I don't have much advice for you regarding motivation but your statement "I never feel sick" is what got my attention. I've had type 1 for more than 50 years and probably the first 25 I was like you, partly because we didn't have much or any technology for good control. My motivation was jump started with the invention of blood glucose testing, better insulins, pumps etc. I never cared much about diabetes control, just take one big long acting insulin shot a day, eat/drink anything, more candy when I felt hypo, but I was fascinated with these newer technologies that came along and I jumped at all of them, not exclusively because I wanted to improve my diabetes, I just always gravitate to new things and ideas. The better control just came along as a big benefit.
What I didn't expect was my 25 years of thinking "I feel OK" was abruptly contradicted. As my A1C came down, although A1C wasn't invented yet, I realized a whole, dramatic difference in the way I felt. Wow, this is how we're supposed to feel. What I thought was how us humans should feel was drastically false. I now look back and think how did I ever survive feeling SO bad, we just adapt. I also never thought I was depressed then but getting better control changed my mood, Wow, this is how feeling good is! I didn't happen overnight, it was gradual but dramatic.
Because I had adopted these new control technologies so early, I started pumps in the late 70's and was one of the first pump users, I had been invited to speak at a few ADA groups demonstrating/showing this new pump treatment. I was contacted by a woman who was struggling with probably the same motivational issues your experiencing. At that time I hadn't been emphasizing the "feel OK illusion" that I'm sure most type 1's experienced back then. We didn't have many tools for good control back then. This woman couldn't believe how much of my time was taken up taking care of my D control. She told me she was shocked by how much of my time was devoted to my D, she called me obsessive about it (which I know I am) and she was unwilling to change. She commented "your whole existence is taking care of your diabetes!" Yes, it does take lots of time, can be extremely frustrating, but I've learned, and keep learning that we have to accept "the hand we've been dealt". We have to "think like a pancreas" and it becomes the normal, no big deal. I don't dwell on the time I spend on D, it's the normal, like breathing.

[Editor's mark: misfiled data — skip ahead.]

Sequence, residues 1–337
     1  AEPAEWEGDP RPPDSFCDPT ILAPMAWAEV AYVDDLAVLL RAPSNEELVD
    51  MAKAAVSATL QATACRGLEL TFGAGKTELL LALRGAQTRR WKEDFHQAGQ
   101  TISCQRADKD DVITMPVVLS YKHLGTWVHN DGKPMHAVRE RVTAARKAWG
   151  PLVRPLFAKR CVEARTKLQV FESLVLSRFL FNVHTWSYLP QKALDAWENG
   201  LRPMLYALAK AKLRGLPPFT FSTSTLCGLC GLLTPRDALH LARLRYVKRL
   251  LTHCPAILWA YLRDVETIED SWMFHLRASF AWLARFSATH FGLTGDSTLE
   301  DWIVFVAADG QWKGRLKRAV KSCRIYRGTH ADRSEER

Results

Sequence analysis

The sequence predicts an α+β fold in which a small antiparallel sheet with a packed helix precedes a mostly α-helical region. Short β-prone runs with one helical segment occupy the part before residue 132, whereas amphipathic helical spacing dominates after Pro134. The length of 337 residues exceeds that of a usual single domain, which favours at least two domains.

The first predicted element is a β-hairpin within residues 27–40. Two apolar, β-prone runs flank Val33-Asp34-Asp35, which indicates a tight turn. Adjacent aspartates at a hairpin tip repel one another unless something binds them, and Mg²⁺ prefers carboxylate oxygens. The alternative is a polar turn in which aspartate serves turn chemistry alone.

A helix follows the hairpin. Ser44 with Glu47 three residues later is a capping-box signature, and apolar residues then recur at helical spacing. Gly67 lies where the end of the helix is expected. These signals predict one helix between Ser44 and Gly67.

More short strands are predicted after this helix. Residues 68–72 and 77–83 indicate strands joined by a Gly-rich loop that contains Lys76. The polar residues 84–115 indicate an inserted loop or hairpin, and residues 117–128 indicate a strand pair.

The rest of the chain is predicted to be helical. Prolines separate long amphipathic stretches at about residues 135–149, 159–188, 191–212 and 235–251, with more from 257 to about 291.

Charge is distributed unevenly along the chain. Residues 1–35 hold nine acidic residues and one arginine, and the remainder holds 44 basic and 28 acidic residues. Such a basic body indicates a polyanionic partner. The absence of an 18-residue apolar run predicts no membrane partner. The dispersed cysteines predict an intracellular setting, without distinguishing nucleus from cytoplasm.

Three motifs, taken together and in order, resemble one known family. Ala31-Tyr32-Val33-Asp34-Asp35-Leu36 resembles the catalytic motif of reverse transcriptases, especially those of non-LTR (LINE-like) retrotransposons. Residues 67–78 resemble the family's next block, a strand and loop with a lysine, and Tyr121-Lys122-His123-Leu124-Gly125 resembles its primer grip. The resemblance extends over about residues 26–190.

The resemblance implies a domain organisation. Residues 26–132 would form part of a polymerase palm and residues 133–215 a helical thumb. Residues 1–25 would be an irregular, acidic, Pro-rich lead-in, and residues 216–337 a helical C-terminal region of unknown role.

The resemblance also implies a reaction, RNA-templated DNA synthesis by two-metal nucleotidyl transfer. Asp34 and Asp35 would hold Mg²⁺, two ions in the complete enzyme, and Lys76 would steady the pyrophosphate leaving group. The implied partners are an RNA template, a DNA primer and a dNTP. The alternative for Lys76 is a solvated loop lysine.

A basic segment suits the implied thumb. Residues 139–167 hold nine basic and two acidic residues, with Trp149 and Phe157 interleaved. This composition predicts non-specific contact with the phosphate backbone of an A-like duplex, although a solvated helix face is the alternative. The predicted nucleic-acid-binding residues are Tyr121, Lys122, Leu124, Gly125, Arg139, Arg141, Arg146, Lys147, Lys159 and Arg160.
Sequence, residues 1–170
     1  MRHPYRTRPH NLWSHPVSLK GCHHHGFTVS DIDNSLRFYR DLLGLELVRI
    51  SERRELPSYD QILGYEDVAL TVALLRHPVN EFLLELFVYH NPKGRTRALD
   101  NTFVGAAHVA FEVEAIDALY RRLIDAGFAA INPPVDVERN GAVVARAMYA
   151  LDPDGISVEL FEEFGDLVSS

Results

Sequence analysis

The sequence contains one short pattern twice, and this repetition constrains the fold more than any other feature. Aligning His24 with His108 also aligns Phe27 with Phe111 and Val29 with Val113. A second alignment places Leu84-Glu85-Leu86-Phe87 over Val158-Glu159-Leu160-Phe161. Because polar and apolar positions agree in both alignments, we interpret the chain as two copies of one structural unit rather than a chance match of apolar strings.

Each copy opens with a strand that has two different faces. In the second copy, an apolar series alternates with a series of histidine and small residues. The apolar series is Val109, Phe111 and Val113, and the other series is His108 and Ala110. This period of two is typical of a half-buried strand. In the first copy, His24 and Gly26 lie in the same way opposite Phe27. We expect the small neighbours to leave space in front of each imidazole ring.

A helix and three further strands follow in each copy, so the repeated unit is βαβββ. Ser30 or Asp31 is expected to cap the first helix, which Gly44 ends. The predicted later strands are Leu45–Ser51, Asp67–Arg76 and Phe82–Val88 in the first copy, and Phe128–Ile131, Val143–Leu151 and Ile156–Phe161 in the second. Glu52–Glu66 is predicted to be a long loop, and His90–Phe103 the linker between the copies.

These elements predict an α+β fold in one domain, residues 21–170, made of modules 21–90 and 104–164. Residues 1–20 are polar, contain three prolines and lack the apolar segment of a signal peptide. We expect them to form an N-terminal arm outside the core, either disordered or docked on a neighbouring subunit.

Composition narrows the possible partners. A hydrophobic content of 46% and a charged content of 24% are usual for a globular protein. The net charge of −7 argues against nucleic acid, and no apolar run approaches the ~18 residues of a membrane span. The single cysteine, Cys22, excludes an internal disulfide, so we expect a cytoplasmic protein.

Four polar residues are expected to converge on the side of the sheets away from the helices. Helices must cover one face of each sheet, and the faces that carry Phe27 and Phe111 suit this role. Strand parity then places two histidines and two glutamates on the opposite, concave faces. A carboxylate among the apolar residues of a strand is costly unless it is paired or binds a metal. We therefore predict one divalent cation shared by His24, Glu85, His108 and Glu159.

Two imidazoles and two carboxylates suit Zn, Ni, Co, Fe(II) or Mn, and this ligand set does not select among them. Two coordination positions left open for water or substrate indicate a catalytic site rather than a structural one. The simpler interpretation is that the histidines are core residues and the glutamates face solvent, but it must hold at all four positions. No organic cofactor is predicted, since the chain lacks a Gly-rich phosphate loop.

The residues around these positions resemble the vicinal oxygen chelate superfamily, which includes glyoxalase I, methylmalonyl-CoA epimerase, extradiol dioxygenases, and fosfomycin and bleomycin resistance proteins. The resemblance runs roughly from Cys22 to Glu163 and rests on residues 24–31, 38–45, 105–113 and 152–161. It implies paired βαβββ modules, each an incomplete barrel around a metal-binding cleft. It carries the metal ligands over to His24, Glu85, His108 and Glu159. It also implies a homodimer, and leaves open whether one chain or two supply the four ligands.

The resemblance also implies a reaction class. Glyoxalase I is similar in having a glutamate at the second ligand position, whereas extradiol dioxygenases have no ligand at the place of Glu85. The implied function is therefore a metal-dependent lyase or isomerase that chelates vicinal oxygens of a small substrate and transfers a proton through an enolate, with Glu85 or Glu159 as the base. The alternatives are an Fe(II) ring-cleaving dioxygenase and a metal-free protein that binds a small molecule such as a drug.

The sad conclusion to this young woman's story is that she died a few months later at the hand of some snake oil salesman who convinced her that he could cure her diabetes by praying it away and convinced her to stop taking insulin, she was dead in a couple days before anyone in her family new what was going on. It still haunts me today.
I was also lucky because both my two siblings are also type 1, all diagnosed about the same time, all 3 of us more than 50 years now. This was my support group and also our family normal. Get involved with anyone you can, especially socially. My involvement with the ADA helped my motivation, just meeting and talking with others in the same boat.
Embrace the tools we have now days, you'll reap the benefits of good control and years from now you'll look back and know you're better for it. Even though it hasn't always been an easy trip sometimes I think I'm better because I have D and have overcome its challenges.
Good luck Elizabeth, you've already got a good start by just thinking and asking about it,